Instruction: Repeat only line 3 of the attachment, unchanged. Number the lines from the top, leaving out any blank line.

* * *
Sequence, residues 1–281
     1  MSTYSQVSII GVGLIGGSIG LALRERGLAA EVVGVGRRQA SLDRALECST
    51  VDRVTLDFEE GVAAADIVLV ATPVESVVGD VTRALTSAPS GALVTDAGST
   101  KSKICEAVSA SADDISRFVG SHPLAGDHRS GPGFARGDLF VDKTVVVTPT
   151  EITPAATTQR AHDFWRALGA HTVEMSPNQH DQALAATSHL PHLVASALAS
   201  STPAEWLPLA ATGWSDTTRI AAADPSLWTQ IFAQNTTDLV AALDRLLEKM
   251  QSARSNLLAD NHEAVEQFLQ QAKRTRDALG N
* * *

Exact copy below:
    51  VDRVTLDFEE GVAAADIVLV ATPVESVVGD VTRALTSAPS GALVTDAGST